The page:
As I sit at my desk this morning looking out at new spring flowers popping up in my yard, I am reminded that even in California we have seasonal changes and that it brings joy to celebrate them, as subtle as they sometimes are. I like to use the season changing to check in with myself and reassess how I am doing on my health goals.
This week I wanted to share some thoughts on cardiovascular disease. Vascular disease is the number one cause of death in the U.S. Of the top 10 most commonly prescribed prescriptions in the U.S. six are either cholesterol-lowering or blood pressure-lowering medications. While there is a place for medications, there are a lot of diet and lifestyle habits we can do to reduce our risk and progression of vascular disease and for some, it may be possible to work with their doctors to lower medications levels.
If you go on the internet and google cardiovascular disease and diet you will get all sorts of seemingly conflicting diets showing up — from Vegetarian to Keto, Paleo, Mediterranean, DASH, Caffeine-restricted, Intermittent Fasting, and Cardiometabolic. No one of these diets is right for everyone. Choosing the right diet for you involves looking at your symptoms, your test results, and the principles of each of the diets that might best work to support your health. Often times it is helpful to take principles from several of these diets to support your individual needs. That said there are a few things that all of these diets have in common and they are:
- high in fiber
- include a mix of oils and fats rich in polyunsaturated fats (PUFAs) such as extra virgin olive oil, flaxseeds and flaxseed oil, walnuts, chia seeds, sesame seeds, pine nuts, and omega 3 fatty acids commonly found in fish including salmon, trout, mackerel, herring, anchovies, halibut, and sardines, flaxseeds, pumpkin seeds, Brussel sprouts, kale, spinach, broccoli and cauliflower
- recommend a variety of foods high in potassium including avocado, leafy greens (spinach, beet greens, Swiss chard …), broccoli, beans and lentils, oranges, tomatoes, cashews, almonds, sweet potatoes, butternut squash, pomegranate, some fish (salmon, cod, and haddock), and everyone’s first guess — bananas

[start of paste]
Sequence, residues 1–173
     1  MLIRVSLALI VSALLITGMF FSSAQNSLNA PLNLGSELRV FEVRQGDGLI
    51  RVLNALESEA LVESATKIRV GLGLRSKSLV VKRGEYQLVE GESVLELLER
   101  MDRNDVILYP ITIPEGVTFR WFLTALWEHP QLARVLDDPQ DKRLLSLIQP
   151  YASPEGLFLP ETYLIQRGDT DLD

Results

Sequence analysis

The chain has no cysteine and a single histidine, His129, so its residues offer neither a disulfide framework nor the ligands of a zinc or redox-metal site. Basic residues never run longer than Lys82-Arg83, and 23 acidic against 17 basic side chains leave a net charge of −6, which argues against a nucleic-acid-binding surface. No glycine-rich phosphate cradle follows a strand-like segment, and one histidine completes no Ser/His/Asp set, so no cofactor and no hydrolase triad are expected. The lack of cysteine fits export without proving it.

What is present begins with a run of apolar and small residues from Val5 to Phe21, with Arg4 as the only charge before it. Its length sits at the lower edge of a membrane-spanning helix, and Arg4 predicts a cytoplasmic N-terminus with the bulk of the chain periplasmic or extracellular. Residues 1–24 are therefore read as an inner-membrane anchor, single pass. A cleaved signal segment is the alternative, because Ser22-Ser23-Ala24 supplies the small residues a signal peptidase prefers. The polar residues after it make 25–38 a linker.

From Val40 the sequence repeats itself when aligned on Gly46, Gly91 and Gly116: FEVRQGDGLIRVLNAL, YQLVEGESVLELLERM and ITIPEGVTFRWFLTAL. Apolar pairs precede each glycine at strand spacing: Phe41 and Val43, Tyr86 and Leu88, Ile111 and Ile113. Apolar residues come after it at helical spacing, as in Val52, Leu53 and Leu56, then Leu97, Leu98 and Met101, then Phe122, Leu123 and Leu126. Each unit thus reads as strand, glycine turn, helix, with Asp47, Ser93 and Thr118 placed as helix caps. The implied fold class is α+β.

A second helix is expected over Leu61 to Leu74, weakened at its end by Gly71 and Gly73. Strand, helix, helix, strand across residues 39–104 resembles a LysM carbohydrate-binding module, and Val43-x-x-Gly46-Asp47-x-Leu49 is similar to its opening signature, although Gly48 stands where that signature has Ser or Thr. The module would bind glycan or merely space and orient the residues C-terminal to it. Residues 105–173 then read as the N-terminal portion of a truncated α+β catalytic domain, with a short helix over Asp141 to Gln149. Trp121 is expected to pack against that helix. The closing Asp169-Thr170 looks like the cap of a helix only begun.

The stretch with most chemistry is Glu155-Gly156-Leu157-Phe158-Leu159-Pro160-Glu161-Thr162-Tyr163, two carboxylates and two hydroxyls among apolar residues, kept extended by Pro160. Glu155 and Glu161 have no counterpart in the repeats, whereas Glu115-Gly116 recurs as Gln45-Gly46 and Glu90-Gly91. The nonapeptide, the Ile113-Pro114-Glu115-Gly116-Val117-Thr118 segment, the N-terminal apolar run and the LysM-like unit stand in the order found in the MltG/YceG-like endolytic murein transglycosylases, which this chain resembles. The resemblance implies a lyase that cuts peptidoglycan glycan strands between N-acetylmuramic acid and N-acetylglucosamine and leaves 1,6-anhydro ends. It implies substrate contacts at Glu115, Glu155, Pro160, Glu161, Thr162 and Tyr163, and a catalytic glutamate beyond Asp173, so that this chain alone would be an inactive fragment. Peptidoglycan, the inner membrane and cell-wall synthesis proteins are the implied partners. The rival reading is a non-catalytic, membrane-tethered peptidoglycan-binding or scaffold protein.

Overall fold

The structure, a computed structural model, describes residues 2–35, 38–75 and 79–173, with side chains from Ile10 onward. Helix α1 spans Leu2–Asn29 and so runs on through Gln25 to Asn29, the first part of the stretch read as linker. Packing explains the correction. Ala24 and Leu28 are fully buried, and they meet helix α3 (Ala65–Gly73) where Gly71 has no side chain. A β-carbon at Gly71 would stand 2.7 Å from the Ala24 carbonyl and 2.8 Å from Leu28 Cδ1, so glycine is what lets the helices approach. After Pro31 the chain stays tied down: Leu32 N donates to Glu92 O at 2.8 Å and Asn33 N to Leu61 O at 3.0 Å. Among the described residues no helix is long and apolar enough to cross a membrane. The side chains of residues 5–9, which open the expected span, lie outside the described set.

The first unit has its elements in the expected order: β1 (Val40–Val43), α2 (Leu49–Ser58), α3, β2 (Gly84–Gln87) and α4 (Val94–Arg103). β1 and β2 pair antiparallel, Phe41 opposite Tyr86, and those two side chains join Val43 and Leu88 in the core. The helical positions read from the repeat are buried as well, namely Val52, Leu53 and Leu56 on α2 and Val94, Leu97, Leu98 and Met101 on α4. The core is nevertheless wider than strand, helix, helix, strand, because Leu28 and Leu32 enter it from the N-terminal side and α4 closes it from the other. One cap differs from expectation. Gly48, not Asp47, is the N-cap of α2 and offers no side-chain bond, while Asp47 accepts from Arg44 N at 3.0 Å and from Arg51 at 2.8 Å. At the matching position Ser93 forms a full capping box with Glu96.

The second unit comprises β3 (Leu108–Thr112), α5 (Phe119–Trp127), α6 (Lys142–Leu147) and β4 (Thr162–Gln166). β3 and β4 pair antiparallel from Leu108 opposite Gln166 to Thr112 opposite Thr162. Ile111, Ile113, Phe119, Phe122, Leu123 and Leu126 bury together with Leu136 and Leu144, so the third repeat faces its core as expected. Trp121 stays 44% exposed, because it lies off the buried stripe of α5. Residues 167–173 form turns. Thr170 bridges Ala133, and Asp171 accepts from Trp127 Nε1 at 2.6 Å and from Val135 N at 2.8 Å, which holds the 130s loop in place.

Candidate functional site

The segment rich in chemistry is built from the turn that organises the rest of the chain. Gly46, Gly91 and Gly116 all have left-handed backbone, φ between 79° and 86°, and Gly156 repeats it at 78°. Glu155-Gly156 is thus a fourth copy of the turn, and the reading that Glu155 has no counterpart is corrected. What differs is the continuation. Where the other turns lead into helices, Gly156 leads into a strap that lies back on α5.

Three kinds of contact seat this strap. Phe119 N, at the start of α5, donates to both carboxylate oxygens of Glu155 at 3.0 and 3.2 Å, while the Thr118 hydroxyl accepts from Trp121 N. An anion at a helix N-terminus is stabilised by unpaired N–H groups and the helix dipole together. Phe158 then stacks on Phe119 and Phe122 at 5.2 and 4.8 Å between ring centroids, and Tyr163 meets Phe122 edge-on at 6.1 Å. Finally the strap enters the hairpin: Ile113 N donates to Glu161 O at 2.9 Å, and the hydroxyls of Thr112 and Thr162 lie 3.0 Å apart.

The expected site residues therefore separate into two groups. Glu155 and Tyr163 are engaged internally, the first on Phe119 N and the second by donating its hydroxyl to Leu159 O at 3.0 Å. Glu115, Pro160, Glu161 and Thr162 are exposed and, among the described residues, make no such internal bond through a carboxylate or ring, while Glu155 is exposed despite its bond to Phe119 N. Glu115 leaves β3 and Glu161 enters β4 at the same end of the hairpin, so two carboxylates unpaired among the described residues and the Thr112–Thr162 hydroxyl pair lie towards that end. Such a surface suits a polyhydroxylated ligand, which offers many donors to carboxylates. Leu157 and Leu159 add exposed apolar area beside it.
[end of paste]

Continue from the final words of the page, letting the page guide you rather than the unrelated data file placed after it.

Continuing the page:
- low in added salt
- include nuts and seeds
- celebrate foods rich in flavonoids and antioxidants found in colorful plant foods
These diets also recommend eliminating the following foods:
- processed foods
- foods high in salt
- foods high in added sugar or other sweeteners
- foods that include trans fats or partially hydrogenated oils that are added to foods such as commercial cakes, cookies, and pies, shortening, microwave popcorn, frozen pizza, refrigerated doughs, fried foods, some nondairy creamers, and margarine that were added to improve shelf life
Focusing on our diet is not the only thing that we can do to reduce our risk of cardiovascular disease. When we think about lifestyle habits that support vascular health, we often think of stopping smoking, balancing blood sugar, managing stress, and getting moving as helpful preventative habits. But did you know that not getting enough good quality sleep is considered to be one of the most important lifestyle factors that contribute to the progression of atherosclerosis and cardiovascular events? And a lack of social relationships has been shown to decrease mortality even more than smoking, lack of exercise, and obesity. Addressing lifestyle habits is key to building and maintaining vascular and overall health.
Assess and Upgrade
It is a new quarter and a new season. Now might be a good time to check in with yourself and see if you may benefit from a diet and lifestyle upgrade to support your cardiovascular health.
Making changes in diet and lifestyle can be overwhelming. My goal is to support my clients while they make changes in a doable, long-term way. Book an exploratory call (for new clients) or a follow-up visit (for existing clients) at book an appointment so we can dive deeper together.